QUESTION 74: OF THE MATTER OF THIS SACRAMENT
We have now to consider the matter of this sacrament: and first of all
as to its species; secondly, the change of the bread and wine into the
body of Christ; thirdly, the manner in which Christ's body exists in this
sacrament; fourthly, the accidents of bread and wine which continue in
Under the first heading there are eight points for inquiry:
(1) Whether bread and wine are the matter of this sacrament?
(2) Whether a determinate quantity of the same is required for the
matter of this sacrament?
(3) Whether the matter of this sacrament is wheaten bread?
(4) Whether it is unleavened or fermented bread?
(5) Whether the matter of this sacrament is wine from the grape?
(6) Whether water should be mixed with it?
(7) Whether water is of necessity for this sacrament?
(8) Of the quantity of the water added.
Article 1: Whether the matter of this sacrament is bread and wine?
Objection 1: It seems that the matter of this sacrament is not bread and wine.
Because this sacrament ought to represent Christ's Passion more fully
than did the sacraments of the Old Law. But the flesh of animals, which
was the matter of the sacraments under the Old Law, shows forth Christ's
Passion more fully than bread and wine. Therefore the matter of this
sacrament ought rather to be the flesh of animals than bread and wine.
Objection 2: Further, this sacrament is to be celebrated in every place. But
in many lands bread is not to be found, and in many places wine is not to
be found. Therefore bread and wine are not a suitable matter for this
Objection 3: Further, this sacrament is for both hale and weak. But to some
weak persons wine is hurtful. Therefore it seems that wine ought not to
be the matter of this sacrament.
On the contrary, Pope Alexander I says (Ep. ad omnes orth. i): "In
oblations of the sacraments only bread and wine mixed with water are to
I answer that, Some have fallen into various errors about the matter of
this sacrament. Some, known as the Artotyrytae, as Augustine says (De
Haeres. xxviii), "offer bread and cheese in this sacrament, contending
that oblations were celebrated by men in the first ages, from fruits of
the earth and sheep." Others, called Cataphrygae and Pepuziani, "are
reputed to have made their Eucharistic bread with infants' blood drawn
from tiny punctures over the entire body, and mixed with flour." Others,
styled Aquarii, under guise of sobriety, offer nothing but water in this
Now all these and similar errors are excluded by the fact that Christ
instituted this sacrament under the species of bread and wine, as is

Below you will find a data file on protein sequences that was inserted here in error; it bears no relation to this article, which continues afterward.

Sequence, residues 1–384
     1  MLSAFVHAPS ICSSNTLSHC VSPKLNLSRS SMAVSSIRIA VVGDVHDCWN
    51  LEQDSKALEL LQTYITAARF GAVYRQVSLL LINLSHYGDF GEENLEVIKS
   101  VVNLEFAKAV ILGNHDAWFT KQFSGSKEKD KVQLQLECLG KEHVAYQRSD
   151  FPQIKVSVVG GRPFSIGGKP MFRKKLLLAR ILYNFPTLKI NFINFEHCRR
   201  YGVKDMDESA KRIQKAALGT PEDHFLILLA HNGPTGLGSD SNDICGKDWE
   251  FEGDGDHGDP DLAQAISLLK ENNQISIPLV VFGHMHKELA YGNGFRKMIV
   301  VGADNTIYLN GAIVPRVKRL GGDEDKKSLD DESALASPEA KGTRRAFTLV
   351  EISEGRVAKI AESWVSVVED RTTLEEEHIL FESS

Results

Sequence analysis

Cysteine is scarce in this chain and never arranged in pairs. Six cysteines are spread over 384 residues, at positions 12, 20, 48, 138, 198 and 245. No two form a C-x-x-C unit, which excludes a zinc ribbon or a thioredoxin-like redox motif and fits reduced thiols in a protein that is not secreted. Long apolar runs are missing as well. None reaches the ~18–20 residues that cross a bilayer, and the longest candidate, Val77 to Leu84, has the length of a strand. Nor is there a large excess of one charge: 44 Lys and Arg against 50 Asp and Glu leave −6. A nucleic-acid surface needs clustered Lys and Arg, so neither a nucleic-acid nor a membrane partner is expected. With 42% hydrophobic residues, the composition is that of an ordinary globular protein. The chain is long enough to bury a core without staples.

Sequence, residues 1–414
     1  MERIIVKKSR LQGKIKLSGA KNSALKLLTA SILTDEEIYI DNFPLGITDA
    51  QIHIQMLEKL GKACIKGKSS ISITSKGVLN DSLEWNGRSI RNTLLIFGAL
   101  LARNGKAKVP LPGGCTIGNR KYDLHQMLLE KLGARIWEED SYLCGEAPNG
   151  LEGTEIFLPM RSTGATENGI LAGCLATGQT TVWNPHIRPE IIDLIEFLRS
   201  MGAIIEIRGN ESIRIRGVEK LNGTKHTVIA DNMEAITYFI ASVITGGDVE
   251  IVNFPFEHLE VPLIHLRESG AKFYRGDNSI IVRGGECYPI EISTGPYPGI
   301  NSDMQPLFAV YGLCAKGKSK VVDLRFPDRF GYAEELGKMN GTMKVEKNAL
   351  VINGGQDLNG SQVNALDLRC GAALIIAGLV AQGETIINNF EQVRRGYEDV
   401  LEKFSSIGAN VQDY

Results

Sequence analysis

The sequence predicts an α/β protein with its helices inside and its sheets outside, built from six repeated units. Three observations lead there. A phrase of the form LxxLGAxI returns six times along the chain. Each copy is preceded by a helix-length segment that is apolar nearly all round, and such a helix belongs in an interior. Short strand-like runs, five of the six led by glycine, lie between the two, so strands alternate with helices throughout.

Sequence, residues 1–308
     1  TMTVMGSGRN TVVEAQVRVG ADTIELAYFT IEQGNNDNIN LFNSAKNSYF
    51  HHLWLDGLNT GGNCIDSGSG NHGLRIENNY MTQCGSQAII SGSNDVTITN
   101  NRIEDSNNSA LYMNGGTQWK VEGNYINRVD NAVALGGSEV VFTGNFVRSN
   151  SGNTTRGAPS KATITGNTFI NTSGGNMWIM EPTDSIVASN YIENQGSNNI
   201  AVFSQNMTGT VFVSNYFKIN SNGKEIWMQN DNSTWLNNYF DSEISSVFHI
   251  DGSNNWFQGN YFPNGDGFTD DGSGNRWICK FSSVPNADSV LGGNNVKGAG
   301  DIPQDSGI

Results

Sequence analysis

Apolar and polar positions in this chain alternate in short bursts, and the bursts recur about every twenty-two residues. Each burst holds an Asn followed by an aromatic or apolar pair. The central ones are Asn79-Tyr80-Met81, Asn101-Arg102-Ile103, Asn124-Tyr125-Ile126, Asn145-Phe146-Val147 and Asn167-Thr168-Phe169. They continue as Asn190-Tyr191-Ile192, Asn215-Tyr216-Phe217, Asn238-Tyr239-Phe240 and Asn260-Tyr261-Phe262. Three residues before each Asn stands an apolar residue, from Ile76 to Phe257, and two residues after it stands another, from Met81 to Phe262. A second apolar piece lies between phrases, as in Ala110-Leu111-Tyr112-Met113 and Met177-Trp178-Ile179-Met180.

evident from Mt. 26. Consequently, bread and wine are the proper matter
of this sacrament. And the reasonableness of this is seen first, in the
use of this sacrament, which is eating: for, as water is used in the
sacrament of Baptism for the purpose of spiritual cleansing, since bodily
cleansing is commonly done with water; so bread and wine, wherewith men
are commonly fed, are employed in this sacrament for the use of spiritual
Secondly, in relation to Christ's Passion, in which the blood was
separated from the body. And therefore in this sacrament, which is the
memorial of our Lord's Passion, the bread is received apart as the
sacrament of the body, and the wine as the sacrament of the blood.
Thirdly, as to the effect, considered in each of the partakers. For, as
Ambrose (Mag. Sent. iv, D, xi) says on 1 Cor. 11:20, this sacrament
"avails for the defense of soul and body"; and therefore "Christ's body
is offered" under the species of bread "for the health of the body, and
the blood" under the species of wine "for the health of the soul,"
according to Lev. 17:14: "The life of the animal [Vulg.: 'of all flesh']
is in the blood."
Fourthly, as to the effect with regard to the whole Church, which is
made up of many believers, just "as bread is composed of many grains, and
wine flows from many grapes," as the gloss observes on 1 Cor. 10:17: "We
being many are . . . one body," etc.
Reply to Objection 1: Although the flesh of slaughtered animals represents the
Passion more forcibly, nevertheless it is less suitable for the common
use of this sacrament, and for denoting the unity of the Church.
Reply to Objection 2: Although wheat and wine are not produced in every country,
yet they can easily be conveyed to every land, that is, as much as is
needful for the use of this sacrament: at the same time one is not to be
consecrated when the other is lacking, because it would not be a complete
Reply to Objection 3: Wine taken in small quantity cannot do the sick much harm:
yet if there be fear of harm, it is not necessary for all who take
Christ's body to partake also of His blood, as will be stated later
(Question , Article ).
Article 2: Whether a determinate quantity of bread and wine is required for the matter of this sacrament?
Objection 1: It seems that a determinate quantity of bread and wine is
required for the matter of this sacrament. Because the effects of grace
are no less set in order than those of nature. But, "there is a limit set
by nature upon all existing things, and a reckoning of size and
development" (De Anima ii). Consequently, in this sacrament, which is
called "Eucharist," that is, "a good grace," a determinate quantity of
the bread and wine is required.
Objection 2: Further, Christ gave no power to the ministers of the Church
regarding matters which involve derision of the faith and of His